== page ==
Presentation on theme: "1 Presented by: L.K.Barathi. Advisor – American Express Bank Ltd Mumbai."— Presentation transcript:
1 Presented by: L.K.Barathi. Advisor – American Express Bank Ltd Mumbai
2 Objectives of the session: Basics & Background RBI mandated framework Q & A
3 Engaging in transactions involving property derived from criminal activity Engaging in transactions involving property derived from criminal activity Helping to conceal Origin or ownership of proceeds of criminal activity Helping to conceal Origin or ownership of proceeds of criminal activity What is Money Laundering ? Structuring financial transactions to avoid reporting requirements Any funds used to finance terrorism Money Laundering
4 Client Due Diligence To detect and deter attempts against the bank or any of its products and services by criminal elements for ML or other illegal purposes. To detect and deter attempts against the bank or any of its products and services by criminal elements for ML or other illegal purposes. to enable banks to know/understand their customers and their financial dealings better to manage their risks prudently to enable banks to know/understand their customers and their financial dealings better to manage their risks prudently
5 CDD - Guiding Principles 1.Do business only with reputable clients involved in legitimate business activities and whose income and wealth are derived from legitimate sources. 2.Determine and record the identity, background and business of all clients; identify and know the beneficial owners of all relationships; and understand the business purposes for which bank’s products and services are used. 3.From the information gathered, reasonably estimate the types and levels of the client’s anticipated transactions, be alert to and regularly monitor the relationship in order to identify unusual or suspicious activity, and take appropriate action when questions or inconsistencies arise.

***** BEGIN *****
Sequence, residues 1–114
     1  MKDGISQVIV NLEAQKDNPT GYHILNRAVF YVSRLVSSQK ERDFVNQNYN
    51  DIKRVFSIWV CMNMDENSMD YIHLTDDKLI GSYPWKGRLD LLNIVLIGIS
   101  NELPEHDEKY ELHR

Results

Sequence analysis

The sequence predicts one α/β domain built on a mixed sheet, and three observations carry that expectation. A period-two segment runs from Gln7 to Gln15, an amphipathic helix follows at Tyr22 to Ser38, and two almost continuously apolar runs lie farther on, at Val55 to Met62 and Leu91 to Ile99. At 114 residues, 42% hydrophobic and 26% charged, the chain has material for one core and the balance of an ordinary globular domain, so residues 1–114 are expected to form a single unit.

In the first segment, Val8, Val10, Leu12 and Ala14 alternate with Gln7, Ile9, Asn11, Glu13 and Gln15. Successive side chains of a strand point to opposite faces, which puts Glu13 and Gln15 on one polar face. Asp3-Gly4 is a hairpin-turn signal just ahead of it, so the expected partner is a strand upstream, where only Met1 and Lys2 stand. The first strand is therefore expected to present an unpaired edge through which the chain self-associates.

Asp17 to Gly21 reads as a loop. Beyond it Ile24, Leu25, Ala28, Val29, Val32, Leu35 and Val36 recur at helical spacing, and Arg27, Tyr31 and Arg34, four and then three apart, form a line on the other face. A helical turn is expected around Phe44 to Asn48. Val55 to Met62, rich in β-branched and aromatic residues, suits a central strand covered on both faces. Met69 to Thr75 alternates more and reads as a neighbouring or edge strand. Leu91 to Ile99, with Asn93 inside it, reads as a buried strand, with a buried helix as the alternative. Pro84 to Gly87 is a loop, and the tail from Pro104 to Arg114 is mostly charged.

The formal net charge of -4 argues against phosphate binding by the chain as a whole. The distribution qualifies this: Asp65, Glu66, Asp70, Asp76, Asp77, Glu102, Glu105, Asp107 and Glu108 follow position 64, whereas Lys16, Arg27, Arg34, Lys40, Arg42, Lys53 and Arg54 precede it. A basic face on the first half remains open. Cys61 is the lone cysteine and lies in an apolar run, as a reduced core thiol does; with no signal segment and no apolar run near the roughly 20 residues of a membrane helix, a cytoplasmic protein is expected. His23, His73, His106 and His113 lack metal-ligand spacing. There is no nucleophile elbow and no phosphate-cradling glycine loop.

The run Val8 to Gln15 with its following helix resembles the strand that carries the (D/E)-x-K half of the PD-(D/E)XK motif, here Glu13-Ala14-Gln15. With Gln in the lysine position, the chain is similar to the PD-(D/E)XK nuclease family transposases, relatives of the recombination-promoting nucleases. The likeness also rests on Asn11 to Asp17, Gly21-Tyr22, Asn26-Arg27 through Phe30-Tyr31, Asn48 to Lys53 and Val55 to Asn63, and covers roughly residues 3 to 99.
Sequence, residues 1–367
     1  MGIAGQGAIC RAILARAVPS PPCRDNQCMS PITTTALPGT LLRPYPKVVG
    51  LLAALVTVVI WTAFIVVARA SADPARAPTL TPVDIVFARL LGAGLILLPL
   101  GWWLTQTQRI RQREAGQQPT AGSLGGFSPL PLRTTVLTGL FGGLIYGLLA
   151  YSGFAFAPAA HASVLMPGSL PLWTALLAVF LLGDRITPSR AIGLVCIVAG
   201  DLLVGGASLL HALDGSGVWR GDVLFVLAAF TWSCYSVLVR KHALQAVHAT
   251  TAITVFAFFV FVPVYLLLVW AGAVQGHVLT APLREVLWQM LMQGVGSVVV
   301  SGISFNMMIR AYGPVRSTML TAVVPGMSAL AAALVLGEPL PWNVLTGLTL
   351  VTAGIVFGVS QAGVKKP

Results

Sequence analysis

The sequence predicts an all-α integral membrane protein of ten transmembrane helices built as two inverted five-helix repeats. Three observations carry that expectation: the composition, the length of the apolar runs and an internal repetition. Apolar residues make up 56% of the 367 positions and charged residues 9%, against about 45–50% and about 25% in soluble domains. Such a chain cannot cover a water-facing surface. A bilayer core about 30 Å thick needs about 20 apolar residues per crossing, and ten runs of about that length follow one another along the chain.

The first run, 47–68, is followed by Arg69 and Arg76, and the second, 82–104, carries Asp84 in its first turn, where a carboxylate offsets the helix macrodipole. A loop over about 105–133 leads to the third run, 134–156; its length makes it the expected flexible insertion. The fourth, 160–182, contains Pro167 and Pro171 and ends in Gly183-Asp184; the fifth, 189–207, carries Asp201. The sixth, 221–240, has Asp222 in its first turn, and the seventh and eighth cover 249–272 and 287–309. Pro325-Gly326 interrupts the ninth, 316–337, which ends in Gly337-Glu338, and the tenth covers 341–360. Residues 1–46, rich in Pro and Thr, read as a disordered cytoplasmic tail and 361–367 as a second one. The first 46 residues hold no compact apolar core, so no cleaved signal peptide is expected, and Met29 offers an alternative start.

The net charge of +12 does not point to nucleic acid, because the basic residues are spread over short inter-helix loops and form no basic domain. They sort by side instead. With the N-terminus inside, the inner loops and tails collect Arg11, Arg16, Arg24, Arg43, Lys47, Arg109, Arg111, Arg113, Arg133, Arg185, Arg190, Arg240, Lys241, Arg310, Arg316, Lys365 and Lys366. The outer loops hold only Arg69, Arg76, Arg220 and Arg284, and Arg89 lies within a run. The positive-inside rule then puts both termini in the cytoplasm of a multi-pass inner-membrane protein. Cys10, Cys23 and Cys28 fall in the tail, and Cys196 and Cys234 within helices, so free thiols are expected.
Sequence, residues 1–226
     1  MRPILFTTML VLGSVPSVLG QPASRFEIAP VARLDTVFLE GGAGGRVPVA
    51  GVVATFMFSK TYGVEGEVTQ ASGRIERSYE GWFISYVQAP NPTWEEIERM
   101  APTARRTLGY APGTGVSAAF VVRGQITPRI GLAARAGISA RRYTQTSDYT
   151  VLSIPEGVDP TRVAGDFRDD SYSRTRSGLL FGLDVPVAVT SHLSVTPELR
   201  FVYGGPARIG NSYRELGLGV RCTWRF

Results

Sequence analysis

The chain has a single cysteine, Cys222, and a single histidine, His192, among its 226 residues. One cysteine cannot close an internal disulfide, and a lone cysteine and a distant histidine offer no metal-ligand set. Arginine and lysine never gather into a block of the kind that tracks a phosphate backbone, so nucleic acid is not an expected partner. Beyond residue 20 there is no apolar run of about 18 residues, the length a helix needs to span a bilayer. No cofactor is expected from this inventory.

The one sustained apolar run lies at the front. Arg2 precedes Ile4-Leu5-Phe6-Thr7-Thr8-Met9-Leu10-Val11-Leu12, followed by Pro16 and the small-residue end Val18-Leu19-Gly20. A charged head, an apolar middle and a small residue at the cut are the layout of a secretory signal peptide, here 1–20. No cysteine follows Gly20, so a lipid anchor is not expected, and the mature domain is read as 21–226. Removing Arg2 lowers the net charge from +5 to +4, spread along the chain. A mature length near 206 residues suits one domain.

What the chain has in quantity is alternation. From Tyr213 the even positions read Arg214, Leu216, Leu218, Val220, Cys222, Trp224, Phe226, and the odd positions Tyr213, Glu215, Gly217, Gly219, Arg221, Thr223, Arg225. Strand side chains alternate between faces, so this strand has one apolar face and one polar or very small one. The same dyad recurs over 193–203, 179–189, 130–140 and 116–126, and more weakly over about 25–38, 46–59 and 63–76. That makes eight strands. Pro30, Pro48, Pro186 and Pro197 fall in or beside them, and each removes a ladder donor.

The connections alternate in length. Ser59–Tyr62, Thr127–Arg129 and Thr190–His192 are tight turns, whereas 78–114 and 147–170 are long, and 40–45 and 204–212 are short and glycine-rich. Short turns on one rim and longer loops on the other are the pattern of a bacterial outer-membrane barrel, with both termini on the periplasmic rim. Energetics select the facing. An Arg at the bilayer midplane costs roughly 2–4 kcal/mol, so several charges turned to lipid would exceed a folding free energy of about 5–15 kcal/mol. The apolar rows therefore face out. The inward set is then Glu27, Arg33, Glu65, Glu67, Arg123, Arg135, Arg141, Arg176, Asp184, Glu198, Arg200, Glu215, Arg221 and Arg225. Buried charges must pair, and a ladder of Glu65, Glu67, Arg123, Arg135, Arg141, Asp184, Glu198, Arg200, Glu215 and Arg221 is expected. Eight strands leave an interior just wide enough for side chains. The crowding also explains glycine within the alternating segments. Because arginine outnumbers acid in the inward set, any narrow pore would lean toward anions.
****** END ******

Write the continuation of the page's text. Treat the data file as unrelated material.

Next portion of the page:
6 Essence of Client Due Diligence Document Document that knowledge through complete Client Profiles. Know Know To be satisfied with legitimacy of wealth and source of funds Apply Apply common sense test to all transactions. Review & Update Review & Update
7 1.Customer Acceptance Policy 2. Customer Risk rating / categorization 3. Customer Identification Procedures 4. Monitoring of Transactions 5. Risk management. 6. Staff Education and 7. Customer awareness Outline of the framework
8 1. Customer Acceptance Policy Only relationships with clients known & convincing information No anonymous or fictitious/ benami accounts Accounts are operated by a mandate holders or intermediaries No clients with criminal background, bad reputation, potential to cause embarrassment. Not to open an account if unable to verify identity, obtain required documents, or due to non-cooperation of customer or non reliability of information.
9 2. Customer Risk rating / categorization Risk rating of customers into low, medium and high risk categories based risk perception Individuals (other than High Net Worth) and entities whose identities and sources of wealth can be easily identified and transactions in whose accounts conform to the known profile – Low Risk Only verifying identity and location of customer is adequate Customers likely to pose a higher than average risk are medium or high risk depending on customer's background etc. Enhanced due diligence based on risk assessment, requiring more intensive 'due diligence' for higher risk customers Documentation depending on risk rating System of periodical review of risk categorization of accounts.